Nu? What's New?
The E-zine of Jewish Genealogy From Avotaynu

Gary Mokotoff, Editor

Volume 16, Number 36 | September 20, 2015

Every government puts value on preserving its history. That is why we have national archives. Genealogy preserves history; the history of a family. It cannot be done without access to records, just as historians cannot preserve a nation's history without access to records. It is a greater good than the right to privacy. It is a greater good than the risk of identity theft.

Past issues of Nu? What's New? are archived at
Underlined words are links to sites with additional information.

Crowdsourcing Becoming Popular Among Archives, Libraries, Etc.
Crowdsourcing—the concept of using the general public to assist in various projects on a volunteer basis, rather than use employees or suppliers—is becoming popular among archivists, scientists, librarians, and curators. This is according to Mike Ashenfelder of the Library of Congress (LOC).

In an article on the LOC blog, Ashenfelder states, “Many cultural institutions have accelerated the development of their digital collections and data sets by allowing citizen volunteers to help with the millions of crucial tasks that archivists, scientists, librarians, and curators face.” Examples of projects are:
   • Analyzing images, creating tags and metadata, and subtitling videos
   • Transcribing documents and correcting OCR text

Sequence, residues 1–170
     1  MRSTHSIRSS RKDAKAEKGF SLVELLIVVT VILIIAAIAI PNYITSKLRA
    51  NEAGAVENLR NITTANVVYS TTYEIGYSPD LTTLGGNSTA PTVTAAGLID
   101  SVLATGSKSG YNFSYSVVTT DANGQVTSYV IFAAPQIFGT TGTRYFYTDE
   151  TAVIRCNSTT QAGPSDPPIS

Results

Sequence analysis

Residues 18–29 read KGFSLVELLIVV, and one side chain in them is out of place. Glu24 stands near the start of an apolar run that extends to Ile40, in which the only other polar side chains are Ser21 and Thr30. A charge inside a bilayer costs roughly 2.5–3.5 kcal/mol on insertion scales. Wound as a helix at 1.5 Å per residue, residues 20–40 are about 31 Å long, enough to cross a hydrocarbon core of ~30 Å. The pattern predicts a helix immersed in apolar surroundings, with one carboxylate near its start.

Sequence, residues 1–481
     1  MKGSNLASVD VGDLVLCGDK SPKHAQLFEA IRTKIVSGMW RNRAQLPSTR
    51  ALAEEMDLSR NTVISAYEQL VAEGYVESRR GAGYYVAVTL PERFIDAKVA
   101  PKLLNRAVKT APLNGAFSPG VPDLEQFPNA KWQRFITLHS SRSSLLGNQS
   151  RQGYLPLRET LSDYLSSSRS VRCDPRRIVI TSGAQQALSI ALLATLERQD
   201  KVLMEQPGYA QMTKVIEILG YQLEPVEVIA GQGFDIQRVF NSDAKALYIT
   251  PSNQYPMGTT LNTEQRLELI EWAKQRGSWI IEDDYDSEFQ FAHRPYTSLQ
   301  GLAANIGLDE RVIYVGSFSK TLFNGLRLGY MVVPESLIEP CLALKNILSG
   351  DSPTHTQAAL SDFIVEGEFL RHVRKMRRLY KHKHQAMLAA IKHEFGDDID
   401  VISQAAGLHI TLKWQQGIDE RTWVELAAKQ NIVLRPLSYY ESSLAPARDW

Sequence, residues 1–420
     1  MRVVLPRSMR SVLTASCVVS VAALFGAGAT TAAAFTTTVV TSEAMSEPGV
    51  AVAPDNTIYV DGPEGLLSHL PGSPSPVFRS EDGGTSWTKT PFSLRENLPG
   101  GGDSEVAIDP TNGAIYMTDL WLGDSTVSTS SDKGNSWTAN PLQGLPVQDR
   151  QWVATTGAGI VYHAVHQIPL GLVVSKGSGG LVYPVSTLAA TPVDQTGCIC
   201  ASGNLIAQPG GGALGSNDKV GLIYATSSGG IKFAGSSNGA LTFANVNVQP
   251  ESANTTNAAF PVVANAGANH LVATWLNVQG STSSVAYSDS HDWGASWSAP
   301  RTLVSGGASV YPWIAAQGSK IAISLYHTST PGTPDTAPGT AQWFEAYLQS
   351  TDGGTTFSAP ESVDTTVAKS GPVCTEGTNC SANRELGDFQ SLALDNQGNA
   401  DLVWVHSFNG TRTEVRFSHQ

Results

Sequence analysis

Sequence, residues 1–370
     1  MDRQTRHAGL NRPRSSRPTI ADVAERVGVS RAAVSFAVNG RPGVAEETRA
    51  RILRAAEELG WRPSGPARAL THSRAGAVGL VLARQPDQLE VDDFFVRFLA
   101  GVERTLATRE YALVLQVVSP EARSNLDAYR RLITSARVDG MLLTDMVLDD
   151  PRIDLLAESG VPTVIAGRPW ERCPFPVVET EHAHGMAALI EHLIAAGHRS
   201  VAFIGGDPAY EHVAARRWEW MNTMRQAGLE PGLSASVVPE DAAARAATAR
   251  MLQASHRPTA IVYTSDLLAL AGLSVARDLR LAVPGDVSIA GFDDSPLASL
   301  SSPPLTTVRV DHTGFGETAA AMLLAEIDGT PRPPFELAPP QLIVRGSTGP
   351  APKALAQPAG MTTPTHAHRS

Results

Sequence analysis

• Identifying geographic locations, aligning/rectifying historical maps with present locations, and adding geospatial coordinates
   • Classifying data, cross-referencing data, researching historic weather, and monitoring and tracking dynamic activities.

His complete comments can be found at

German Jewish Registration Cards (1938–1942) Being Indexed
Speaking of crowdsourcing, the number one crowdsourcer at the U.S. Holocaust Memorial Museum for genealogy-related matters is Peter Lande. Lande’s latest project is to index the registration cards of all Jewish residents in Germany from 1938–1942. The cards were prepared by the Reichsvereinigung der Juden in Deutschland, the umbrella organization for all Jewish residents in Germany, under close Gestapo supervision.

Lande has indexed to date about 6,000 persons whose family names begin with the letters A, B, C and L (as in Lande). They are listed at Each card contains name; residence; date and place of birth; emigrated or deported. It is particularly useful for information on Jews who died within Germany, since death certificates are often difficult to locate/obtain. Lande states it includes a large number of Jews born in Eastern Europe who were in Germany at that time.

In reality, it is unfair to describe Lande as part of the crowdsourcing community. It is more appropriate to call him an unpaid professional. He was chosen for the IAJGS Lifetime Achievement Award in 2001. IAJGS noted then that “among [his contributions] is his outstanding work on identifying resources and creating finding aids at the United States Holocaust Memorial Museum.”

National Archives of Australia Going Digital
National Archives of Australia is building a new storage facility which will be able to house about 10 million Commonwealth records when it opens in 2017. But according to an article on Eastman’s Online Genealogy Newsletter, it may be the last such a facility.

Almost all Australian government records are now created digitally—not on paper. While the Australian government will maintain archives for future records, the storage will be digital. The Canberra Times has an article on the subject at

RootsTech Now Open for Registration